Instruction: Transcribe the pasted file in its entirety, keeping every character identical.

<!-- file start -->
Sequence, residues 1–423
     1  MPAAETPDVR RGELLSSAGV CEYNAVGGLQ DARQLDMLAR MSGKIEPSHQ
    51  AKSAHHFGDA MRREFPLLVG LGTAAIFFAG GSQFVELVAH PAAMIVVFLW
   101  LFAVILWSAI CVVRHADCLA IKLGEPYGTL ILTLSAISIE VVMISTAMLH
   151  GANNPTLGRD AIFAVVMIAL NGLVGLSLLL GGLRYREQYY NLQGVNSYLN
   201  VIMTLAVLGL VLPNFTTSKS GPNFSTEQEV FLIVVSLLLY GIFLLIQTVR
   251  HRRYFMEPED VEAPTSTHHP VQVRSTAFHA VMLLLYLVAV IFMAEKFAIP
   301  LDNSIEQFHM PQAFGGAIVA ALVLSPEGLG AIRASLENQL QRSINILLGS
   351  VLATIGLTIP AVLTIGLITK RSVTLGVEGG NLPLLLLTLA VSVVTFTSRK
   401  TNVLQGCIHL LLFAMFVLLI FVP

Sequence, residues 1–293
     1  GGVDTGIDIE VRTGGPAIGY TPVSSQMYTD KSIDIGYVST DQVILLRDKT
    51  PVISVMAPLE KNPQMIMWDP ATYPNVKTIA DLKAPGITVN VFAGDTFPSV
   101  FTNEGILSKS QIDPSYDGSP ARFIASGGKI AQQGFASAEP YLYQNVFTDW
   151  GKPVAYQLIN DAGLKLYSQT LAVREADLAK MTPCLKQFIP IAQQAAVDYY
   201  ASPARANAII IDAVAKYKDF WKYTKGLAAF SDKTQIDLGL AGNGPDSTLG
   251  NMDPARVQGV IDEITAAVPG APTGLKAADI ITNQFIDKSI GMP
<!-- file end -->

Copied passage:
Sequence, residues 1–423
     1  MPAAETPDVR RGELLSSAGV CEYNAVGGLQ DARQLDMLAR MSGKIEPSHQ
    51  AKSAHHFGDA MRREFPLLVG LGTAAIFFAG GSQFVELVAH PAAMIVVFLW
   101  LFAVILWSAI CVVRHADCLA IKLGEPYGTL ILTLSAISIE VVMISTAMLH
   151  GANNPTLGRD AIFAVVMIAL NGLVGLSLLL GGLRYREQYY NLQGVNSYLN
   201  VIMTLAVLGL VLPNFTTSKS GPNFSTEQEV FLIVVSLLLY GIFLLIQTVR
   251  HRRYFMEPED VEAPTSTHHP VQVRSTAFHA VMLLLYLVAV IFMAEKFAIP
   301  LDNSIEQFHM PQAFGGAIVA ALVLSPEGLG AIRASLENQL QRSINILLGS
   351  VLATIGLTIP AVLTIGLITK RSVTLGVEGG NLPLLLLTLA VSVVTFTSRK
   401  TNVLQGCIHL LLFAMFVLLI FVP

Sequence, residues 1–293
     1  GGVDTGIDIE VRTGGPAIGY TPVSSQMYTD KSIDIGYVST DQVILLRDKT
    51  PVISVMAPLE KNPQMIMWDP ATYPNVKTIA DLKAPGITVN VFAGDTFPSV
   101  FTNEGILSKS QIDPSYDGSP ARFIASGGKI AQQGFASAEP YLYQNVFTDW
   151  GKPVAYQLIN DAGLKLYSQT LAVREADLAK MTPCLKQFIP IAQQAAVDYY
   201  ASPARANAII IDAVAKYKDF WKYTKGLAAF SDKTQIDLGL AGNGPDSTLG
   251  NMDPARVQGV IDEITAAVPG APTGLKAADI ITNQFIDKSI GMP